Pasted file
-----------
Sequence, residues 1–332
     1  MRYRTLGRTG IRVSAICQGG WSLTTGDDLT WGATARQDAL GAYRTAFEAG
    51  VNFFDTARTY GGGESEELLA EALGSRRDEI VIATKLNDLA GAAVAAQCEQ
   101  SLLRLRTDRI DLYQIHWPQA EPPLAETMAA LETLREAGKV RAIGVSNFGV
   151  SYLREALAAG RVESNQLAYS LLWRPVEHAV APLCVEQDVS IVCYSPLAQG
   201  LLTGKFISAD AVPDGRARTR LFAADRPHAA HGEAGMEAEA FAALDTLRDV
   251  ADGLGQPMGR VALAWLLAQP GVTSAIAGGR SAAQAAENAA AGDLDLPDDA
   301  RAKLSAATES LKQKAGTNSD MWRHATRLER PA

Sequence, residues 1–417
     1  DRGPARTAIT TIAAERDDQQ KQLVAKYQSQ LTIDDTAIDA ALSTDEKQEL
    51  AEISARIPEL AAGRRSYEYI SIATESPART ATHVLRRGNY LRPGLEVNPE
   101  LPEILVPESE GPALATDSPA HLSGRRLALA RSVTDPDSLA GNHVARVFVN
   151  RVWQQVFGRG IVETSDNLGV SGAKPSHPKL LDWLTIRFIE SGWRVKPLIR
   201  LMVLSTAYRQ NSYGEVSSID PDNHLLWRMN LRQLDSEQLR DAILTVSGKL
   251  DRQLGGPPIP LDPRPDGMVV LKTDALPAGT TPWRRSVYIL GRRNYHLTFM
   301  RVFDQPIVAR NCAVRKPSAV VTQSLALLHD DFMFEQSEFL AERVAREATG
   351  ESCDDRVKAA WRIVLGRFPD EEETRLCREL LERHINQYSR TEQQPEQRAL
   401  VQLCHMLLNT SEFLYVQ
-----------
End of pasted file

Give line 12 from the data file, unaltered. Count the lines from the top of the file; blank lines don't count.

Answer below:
   101  LPEILVPESE GPALATDSPA HLSGRRLALA RSVTDPDSLA GNHVARVFVN